Schubert, James N.
Ph.D. (Doctor of Philosophy)
Department of Political Science
Thailand--Social policy--20th century; Ethnicity--Thailand; Ethnic conflict--Thailand; Malays (Asian people)
Ethnic conflict has become a leading cause of mass violence in the world. A person's sense of who they are, their identity, can be a powerful motivating force whether that identity is founded upon ethnicity, religion, or language. Many scholars have suggested that identity is a crucial part of the problem in situations of ethnic conflict. Yet very little empirical work relating identity to political violence has been done. The tense relationship between the Muslim-Malay population in southern Thailand and the Thai government provided an opportunity to empirically test the impact of several types of identity in ethnic conflict. For most of the twentieth century, increases in separatist sentiments among the Muslim-Malays corresponded directly to attempts by Thai government officials to implement assimilationist policies that were intended to make them more Thai and more Buddhist. David Brown claims that both the ethnic elite and the masses play a crucial role in any explanation of ethnic conflict. In stage one of his model he describes a crisis of identity at the mass level caused by state penetration of the peripheral areas. The current study uses intergroup emotion theory (IET) and optimal distinctiveness theory (ODT) to explore the psychological process behind this crisis of identity at the mass level. ODT suggests that threats to identity, in certain circumstances, are enough to make people experience emotion such as anger which is associated with action rather than avoidance. IET explains how negative appraisals of a situation can lead to specifically the emotion of anger and that anger is associated with a specific action tendency: aggression. The current study tests whether a threat to a person's cultural distinctiveness is sufficient to produce a negative appraisal and cause the emotional response of anger and the behavioral response of aggression. Further, it tests if this environment enhances the ability of elites to persuade people to engage in political violence. The findings support the hypothesized relationship between identity threat and political violence. Applications of the model to other regions where identity conflict is prevalent are discussed.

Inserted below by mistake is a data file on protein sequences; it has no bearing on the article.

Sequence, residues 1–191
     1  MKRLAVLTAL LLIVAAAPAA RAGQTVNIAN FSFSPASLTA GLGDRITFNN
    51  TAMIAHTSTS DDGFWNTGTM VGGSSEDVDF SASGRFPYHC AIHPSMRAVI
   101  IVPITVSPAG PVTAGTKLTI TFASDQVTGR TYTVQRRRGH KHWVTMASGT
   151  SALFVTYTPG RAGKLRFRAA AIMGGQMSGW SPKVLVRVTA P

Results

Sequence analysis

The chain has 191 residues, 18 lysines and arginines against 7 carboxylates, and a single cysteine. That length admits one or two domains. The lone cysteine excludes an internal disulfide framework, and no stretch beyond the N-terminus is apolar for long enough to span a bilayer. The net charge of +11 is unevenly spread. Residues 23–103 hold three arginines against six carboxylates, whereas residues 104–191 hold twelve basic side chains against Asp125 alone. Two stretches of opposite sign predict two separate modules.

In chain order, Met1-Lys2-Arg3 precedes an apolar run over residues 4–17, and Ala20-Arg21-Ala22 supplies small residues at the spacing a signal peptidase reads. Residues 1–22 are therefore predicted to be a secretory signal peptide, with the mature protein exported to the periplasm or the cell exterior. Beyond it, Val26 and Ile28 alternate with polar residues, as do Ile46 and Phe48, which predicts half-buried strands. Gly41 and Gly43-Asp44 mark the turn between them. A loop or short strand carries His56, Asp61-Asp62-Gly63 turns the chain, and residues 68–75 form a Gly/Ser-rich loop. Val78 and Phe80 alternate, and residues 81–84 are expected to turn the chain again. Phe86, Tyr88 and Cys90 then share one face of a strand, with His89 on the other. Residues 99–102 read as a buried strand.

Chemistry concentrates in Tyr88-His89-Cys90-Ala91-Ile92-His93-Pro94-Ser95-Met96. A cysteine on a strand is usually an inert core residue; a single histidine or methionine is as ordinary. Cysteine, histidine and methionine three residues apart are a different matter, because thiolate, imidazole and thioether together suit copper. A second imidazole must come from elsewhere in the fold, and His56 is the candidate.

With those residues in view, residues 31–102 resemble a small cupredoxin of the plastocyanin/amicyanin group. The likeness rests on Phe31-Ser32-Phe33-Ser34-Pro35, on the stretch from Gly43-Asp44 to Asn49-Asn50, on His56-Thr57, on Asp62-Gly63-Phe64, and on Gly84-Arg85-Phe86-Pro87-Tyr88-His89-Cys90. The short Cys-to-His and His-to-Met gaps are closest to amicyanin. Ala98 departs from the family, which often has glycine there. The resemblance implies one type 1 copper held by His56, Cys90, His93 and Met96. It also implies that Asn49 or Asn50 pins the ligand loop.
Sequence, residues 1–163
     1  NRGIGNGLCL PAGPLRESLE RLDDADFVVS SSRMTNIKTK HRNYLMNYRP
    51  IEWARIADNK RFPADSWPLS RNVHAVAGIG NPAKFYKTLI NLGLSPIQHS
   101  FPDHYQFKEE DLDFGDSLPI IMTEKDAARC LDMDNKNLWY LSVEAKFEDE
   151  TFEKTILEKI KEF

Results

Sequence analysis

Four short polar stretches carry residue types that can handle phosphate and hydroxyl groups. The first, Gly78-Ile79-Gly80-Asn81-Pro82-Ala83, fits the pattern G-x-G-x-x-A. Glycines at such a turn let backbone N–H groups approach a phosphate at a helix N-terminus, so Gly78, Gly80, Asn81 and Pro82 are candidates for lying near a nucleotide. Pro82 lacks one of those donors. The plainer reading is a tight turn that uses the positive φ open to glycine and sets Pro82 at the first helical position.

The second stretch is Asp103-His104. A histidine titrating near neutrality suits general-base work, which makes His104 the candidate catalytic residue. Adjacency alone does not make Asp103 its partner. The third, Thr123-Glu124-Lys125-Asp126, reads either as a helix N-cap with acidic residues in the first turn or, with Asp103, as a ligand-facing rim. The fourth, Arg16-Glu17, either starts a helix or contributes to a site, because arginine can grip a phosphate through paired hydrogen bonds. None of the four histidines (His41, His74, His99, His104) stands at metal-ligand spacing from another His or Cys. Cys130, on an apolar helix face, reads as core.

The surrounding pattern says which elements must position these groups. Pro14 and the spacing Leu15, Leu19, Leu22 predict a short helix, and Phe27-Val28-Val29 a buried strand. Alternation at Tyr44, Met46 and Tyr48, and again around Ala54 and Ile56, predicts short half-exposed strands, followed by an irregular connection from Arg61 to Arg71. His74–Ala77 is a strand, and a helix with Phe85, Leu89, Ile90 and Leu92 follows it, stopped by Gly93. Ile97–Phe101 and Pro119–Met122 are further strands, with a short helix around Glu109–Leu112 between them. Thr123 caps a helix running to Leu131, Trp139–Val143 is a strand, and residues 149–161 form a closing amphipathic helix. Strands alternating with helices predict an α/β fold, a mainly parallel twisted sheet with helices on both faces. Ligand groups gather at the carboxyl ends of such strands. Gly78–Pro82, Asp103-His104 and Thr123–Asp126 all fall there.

Culp, Todd A., "Who you are is where you stand" (2003). Graduate Research Theses & Dissertations. 6715.
vi, 237 pages (some color pages)
Northern Illinois University
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